We’ve kept children and youth safe for 46 years through our Emergency Residential Shelters.
Emergency Children’s Shelters
Child Crisis Arizona operates the only licensed Emergency Children’s Shelter facility for children ages 2 through 10 in Maricopa County. The shelter is open 24 hours a day, 7 days a week, year-round. Children are placed in the shelter through referrals from the Arizona Department of Child Safety and Tribal Social Services, and by community members who for whatever reason may not be able to provide care for their child and need a safe place temporarily.
More than just a place to sleep, Child Crisis Arizona’s home-like shelter meets all of a child’s needs. Specially trained staff and volunteers provide help, comfort, care, and support.
Children in the shelter receive:
- Nurturing care 24 hours a day, 7 days a week
- Balanced meals and healthy snacks
- Clothing and personal care items
- Medical screenings and attention to health issues, including vaccinations and visits to the doctor and dentists as needed
- Educational support and counseling
While kids are at the shelter, they participate in activities like art, music, dancing and swimming lessons, as well as visits from therapy dogs. Through the generosity of our donors and community partners, children at the shelter and in our foster and adoption programs may also attend field trips to museums, cultural events, attractions and family-friendly activities.
Parents and caregivers experiencing an emergency may rely on the shelter if no other care options are available. The program is open to anyone in need of help caring for their children, based on availability.
If you are in need of help, please contact (480) 834-9424
Child Crisis Arizona’s Group Home
Child Crisis Arizona operates a group home for ten boys, ages 10-18, in the foster care system. While living in this home the boys are cared for physically and mentally and given every opportunity possible to be the teens that they are. Please see our wishlist for ideas about how you can help make life more enjoyable for these young men!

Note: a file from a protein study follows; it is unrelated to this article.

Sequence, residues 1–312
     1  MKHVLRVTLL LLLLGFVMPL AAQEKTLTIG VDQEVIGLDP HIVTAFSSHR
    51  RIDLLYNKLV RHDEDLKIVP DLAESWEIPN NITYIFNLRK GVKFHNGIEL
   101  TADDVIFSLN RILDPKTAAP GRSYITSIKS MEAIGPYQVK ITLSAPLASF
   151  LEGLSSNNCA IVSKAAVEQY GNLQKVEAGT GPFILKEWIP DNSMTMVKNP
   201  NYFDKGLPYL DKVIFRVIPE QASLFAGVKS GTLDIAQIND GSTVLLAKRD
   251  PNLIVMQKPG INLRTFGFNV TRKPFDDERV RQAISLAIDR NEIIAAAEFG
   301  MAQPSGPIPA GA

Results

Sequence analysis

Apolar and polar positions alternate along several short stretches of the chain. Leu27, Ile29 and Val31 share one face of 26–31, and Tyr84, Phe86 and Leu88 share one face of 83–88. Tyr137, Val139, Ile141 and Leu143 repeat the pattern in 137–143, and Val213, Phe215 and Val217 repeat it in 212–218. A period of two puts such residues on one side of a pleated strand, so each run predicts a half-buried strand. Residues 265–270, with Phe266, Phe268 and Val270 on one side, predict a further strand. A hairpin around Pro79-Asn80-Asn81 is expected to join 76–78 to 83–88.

Independent Living for Foster Youth 16-21
Child Crisis Arizona operates two independent living housing complexes for youth ages 16 to 21 in the foster care system. These youth who have a case plan of Independent Living (meaning an adoption is unlikely to occur before the age of 18) have the opportunity to practice typical apartment life with the guidance and support of program staff.
Each teen enrolled in the program follows guidelines like keeping their apartment clean, obeying a curfew, attending school or a job, participating in counseling and attending group life skills courses. Youth can live in the program until they age out of foster care at age 21 or when they become self sufficient. The program can house up to 50 youth.
Youth must be referred to this program through a case manager.
Safe Place® Housing
In Maricopa County, Safe Place is run by Child Crisis Arizona and connects youth with safety, shelter and support. Several beds within the Independent Living Program are reserved for youth ages 12-17 who are runaway, homeless or seeking immediate help or safety from crisis. Safe Place is a national outreach and prevention program that designates community partners as Safe Place locations, such as QuikTrip and Valley Metro. A youth who comes to a Safe Place location seeking help is provided shelter until a safe alternative can be found. More information on the program can be found at nationalsafeplace.org or by calling the 24-hour Crisis Line 602-841-5799.
“They weren’t just staff to me, they were my guardian angels.”
“The first few years of my life can only be described as precarious. The two adults who were supposed to be superheroes in my eyes instead turned out to be more concerned with drugs, alcohol and, for an unfathomable reason, hurting my brothers and I.
At 5 years old, this unsteady cycle of neglect and abuse came to an abrupt halt when Child Crisis Arizona took me into their open arms, and let me tell you, even though I did not realize it at the time, I had never taken a bigger sigh of relief.”